Blog Credo

The whole aim of practical politics is to keep the populace alarmed (and hence clamorous to be led to safety) by menacing it with an endless series of hobgoblins, all of them imaginary.

H.L. Mencken

Thursday, June 23, 2016


I've been trying to keep an eye on the Brexit polling leading up to today's referendum.  It looks neck and neck with a surprising number of undecideds.  Typically, whether it's Quebec, Scotland and now Britain as a whole, those undecideds break for the status quo pretty heavily.  I would wager that Remain gets about 53-55% of the vote.

The surprising strength of Brexit is not based on factual information.  Most of the arguments for leaving the EU are spurious, if not outright lies.  What is striking is the anger and vehemence among working class Britons, many of whom could respond to this by abandoning the Labour party for UKIP, the slightly less racist cousin of the BNP (which is outright fascist).  The asshole who shot Jo Cox was a BNP-type.  UKIP is somewhat less racist and xenophobic, but we are talking measures of degrees not type.  The horrible irony is that much of the British racism is focused on South Asians (Indians, Pakistanis) and not Eastern Europeans.  And immigration from South Asia has nothing to do with the EU.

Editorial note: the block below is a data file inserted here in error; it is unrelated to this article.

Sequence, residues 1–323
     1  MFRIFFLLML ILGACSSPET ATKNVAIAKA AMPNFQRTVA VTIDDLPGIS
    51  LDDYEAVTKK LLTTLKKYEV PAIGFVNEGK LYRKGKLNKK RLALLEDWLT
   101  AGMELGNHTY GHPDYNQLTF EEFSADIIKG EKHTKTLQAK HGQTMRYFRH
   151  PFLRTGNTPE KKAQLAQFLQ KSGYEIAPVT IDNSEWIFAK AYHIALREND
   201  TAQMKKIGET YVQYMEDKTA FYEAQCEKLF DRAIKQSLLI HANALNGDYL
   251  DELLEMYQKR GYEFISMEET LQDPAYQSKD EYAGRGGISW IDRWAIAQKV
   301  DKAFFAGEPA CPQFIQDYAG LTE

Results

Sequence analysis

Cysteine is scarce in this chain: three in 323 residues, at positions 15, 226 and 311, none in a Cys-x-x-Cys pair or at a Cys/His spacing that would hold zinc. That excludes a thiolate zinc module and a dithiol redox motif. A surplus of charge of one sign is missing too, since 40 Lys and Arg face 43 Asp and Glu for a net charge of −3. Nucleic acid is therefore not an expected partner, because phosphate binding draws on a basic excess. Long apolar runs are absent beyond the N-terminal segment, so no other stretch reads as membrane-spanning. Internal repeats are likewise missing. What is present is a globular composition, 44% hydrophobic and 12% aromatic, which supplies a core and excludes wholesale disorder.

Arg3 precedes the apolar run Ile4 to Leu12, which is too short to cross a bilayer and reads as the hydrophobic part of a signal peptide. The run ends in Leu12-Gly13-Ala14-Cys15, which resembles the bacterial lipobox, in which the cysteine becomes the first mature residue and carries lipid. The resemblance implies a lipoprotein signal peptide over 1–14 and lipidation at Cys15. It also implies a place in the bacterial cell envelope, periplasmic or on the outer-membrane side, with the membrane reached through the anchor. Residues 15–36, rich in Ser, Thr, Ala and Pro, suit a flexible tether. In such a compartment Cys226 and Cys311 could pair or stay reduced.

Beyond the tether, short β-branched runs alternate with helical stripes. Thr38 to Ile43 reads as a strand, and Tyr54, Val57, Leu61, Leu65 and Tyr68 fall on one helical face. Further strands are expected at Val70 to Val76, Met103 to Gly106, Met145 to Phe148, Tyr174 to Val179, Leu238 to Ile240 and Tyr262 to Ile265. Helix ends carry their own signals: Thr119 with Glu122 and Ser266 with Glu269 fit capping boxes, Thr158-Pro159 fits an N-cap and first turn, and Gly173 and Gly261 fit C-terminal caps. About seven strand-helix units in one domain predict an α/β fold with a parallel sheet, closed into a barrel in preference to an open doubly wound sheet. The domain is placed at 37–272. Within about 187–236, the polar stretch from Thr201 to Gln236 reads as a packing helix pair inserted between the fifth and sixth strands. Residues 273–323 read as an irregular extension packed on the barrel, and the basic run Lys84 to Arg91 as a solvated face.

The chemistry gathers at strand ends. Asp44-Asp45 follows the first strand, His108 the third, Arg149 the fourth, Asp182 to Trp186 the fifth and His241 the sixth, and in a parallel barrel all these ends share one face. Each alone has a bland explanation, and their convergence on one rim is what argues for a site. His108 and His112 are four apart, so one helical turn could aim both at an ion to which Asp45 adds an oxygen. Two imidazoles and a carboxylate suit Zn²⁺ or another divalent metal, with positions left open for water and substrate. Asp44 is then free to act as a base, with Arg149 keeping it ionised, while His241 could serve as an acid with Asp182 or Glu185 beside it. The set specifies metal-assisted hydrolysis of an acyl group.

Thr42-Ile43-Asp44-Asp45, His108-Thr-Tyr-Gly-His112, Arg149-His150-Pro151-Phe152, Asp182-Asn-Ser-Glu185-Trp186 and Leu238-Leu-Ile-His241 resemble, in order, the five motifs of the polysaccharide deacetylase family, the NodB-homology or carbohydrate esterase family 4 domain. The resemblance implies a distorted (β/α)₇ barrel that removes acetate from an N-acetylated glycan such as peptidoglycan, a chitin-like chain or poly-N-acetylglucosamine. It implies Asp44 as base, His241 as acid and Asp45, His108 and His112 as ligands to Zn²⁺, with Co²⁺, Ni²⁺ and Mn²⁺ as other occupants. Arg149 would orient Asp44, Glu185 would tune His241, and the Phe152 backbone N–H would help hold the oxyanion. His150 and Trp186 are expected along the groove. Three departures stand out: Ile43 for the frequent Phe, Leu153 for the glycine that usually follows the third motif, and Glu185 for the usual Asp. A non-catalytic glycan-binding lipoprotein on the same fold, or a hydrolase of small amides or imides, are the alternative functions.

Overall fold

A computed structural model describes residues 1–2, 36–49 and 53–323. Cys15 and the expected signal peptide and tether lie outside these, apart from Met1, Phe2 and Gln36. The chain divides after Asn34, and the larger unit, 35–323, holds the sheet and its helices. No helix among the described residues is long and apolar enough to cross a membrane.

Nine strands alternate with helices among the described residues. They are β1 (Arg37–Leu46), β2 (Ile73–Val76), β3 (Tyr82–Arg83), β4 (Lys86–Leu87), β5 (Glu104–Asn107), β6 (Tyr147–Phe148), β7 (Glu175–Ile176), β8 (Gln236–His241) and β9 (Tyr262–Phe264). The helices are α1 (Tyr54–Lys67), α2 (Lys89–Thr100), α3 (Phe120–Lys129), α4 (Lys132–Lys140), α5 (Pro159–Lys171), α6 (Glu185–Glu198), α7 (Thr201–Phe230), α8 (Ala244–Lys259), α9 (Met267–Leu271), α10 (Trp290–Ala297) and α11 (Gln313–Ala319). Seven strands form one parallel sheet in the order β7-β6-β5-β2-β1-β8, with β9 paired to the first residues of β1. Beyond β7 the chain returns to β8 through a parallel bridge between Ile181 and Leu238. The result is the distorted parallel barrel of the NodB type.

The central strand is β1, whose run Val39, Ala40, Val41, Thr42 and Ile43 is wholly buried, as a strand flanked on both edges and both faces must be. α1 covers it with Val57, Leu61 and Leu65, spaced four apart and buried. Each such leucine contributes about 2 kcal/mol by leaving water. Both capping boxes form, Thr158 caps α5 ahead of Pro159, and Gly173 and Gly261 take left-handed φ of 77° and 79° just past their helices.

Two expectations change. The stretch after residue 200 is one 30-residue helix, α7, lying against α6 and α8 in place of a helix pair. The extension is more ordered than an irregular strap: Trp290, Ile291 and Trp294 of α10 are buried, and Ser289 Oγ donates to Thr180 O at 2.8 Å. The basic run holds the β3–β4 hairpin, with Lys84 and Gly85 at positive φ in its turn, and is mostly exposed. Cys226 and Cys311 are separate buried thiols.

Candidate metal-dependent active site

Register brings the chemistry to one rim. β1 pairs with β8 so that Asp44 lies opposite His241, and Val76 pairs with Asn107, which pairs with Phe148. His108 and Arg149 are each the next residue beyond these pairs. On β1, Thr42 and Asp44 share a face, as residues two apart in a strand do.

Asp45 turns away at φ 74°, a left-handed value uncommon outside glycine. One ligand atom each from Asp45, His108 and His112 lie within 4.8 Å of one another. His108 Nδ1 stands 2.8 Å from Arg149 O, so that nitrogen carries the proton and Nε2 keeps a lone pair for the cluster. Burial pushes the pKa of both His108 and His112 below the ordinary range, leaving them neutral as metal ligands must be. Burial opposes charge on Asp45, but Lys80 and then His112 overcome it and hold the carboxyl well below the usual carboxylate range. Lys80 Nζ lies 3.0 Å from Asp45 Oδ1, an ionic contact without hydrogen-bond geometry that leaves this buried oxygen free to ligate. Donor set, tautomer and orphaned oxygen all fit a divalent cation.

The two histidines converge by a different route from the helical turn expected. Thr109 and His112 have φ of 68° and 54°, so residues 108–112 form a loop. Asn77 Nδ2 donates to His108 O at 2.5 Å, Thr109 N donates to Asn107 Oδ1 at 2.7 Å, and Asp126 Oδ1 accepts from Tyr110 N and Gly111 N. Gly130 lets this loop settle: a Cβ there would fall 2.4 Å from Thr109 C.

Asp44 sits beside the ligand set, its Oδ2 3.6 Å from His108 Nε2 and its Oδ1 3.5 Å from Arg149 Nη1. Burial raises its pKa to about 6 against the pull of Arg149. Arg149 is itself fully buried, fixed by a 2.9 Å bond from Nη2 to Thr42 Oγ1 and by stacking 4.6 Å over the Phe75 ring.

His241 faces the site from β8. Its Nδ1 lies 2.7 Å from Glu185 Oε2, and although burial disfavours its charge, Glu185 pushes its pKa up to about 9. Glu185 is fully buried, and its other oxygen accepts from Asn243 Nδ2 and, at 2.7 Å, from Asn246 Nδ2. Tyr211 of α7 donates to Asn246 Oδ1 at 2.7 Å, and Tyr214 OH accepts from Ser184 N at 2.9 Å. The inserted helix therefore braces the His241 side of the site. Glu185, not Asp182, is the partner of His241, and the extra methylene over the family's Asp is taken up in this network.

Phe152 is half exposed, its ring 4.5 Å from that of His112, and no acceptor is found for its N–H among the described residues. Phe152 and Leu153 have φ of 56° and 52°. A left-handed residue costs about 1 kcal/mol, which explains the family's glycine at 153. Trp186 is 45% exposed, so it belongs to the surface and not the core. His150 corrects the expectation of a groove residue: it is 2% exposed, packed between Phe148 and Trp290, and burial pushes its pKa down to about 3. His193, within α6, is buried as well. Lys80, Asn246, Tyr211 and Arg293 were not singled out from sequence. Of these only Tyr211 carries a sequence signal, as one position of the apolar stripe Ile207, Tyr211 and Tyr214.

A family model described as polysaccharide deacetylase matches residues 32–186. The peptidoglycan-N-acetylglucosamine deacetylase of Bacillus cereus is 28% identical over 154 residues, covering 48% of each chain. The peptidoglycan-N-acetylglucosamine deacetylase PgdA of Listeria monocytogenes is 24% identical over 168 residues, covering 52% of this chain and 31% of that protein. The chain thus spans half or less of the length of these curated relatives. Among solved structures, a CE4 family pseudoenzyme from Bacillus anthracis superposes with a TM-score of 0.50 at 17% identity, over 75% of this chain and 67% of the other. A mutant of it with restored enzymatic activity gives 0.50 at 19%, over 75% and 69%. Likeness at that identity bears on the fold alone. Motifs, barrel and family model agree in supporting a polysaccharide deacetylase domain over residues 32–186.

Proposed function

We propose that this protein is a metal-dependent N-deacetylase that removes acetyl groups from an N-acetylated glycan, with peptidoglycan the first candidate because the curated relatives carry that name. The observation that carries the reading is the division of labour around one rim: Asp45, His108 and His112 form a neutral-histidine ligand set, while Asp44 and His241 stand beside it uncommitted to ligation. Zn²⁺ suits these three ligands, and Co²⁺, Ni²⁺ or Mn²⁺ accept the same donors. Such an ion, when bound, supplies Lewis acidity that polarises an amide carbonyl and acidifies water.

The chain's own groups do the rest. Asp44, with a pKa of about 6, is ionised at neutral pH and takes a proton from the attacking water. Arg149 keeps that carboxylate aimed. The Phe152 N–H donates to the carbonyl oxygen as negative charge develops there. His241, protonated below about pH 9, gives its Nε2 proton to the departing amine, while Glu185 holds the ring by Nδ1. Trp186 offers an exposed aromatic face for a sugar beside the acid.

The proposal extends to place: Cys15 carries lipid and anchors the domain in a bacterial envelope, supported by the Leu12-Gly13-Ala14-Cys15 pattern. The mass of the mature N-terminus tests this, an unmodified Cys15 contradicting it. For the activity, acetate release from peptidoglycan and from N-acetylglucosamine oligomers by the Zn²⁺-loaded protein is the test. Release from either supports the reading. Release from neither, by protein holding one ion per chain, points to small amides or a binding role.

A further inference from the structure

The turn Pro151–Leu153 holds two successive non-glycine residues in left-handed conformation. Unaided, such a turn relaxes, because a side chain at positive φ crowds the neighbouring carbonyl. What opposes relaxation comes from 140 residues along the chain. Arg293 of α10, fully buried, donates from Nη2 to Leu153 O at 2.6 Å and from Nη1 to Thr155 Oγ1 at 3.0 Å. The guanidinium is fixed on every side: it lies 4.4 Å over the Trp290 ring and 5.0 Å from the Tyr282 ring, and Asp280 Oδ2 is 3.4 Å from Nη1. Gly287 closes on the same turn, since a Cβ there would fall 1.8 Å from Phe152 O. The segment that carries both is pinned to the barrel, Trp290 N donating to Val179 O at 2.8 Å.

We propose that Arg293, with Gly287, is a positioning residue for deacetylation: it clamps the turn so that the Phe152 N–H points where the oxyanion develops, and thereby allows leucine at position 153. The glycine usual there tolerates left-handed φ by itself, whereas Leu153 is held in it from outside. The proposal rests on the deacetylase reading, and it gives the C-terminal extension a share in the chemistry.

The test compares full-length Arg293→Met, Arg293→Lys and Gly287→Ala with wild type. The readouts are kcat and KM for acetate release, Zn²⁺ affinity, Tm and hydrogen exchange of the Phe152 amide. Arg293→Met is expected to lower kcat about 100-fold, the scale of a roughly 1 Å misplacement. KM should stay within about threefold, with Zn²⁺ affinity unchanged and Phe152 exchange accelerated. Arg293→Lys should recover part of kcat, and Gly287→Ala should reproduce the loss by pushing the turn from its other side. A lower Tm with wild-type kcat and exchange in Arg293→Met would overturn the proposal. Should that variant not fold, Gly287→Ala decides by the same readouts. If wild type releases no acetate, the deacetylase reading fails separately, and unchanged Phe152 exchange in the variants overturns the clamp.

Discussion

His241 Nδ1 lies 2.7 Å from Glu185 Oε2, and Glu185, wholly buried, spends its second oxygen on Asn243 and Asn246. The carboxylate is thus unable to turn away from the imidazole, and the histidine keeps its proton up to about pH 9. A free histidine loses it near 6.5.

You have an incoherent anger against brown people and a desire to wall yourself off from your biggest trading partner.

Britain is having its Trump-Moment.

British politics isn't quite as polarized as American politics, and Boris Johnson has already insulted Donald Trump, so there isn't a lot of common ground in the details.  When you step back, however, you see a great deal of similarity.

Point that out to your British friends when they shake their heads about the GOP nominating Trump.  Tell them he's really just the unholy child of Johnson and Nigel Farange.

One thing should be clear to people around the developed world from the politics of 2016: the age of meek acquiescence to globalization is over.  While I think that outsourcing is only about half the problem the working class faces in Detroit and Manchester and Marseilles (the other, unspoken half is automation), it's a big deal.  Since the benefits of globalization - lower consumer prices, relative peace - are effectively invisible it's a very hard sell, especially when you layer xenophobia and racism on top of it.

I lean free-trade.  But increasingly, the idea of a universal minimum income looks like it will need to be the handmaiden of free trade.  There are benefits to free trade, but unless someone steps up and delivers some of those benefits to the bottom 60% of the developed world, there's going to be hell to pay.

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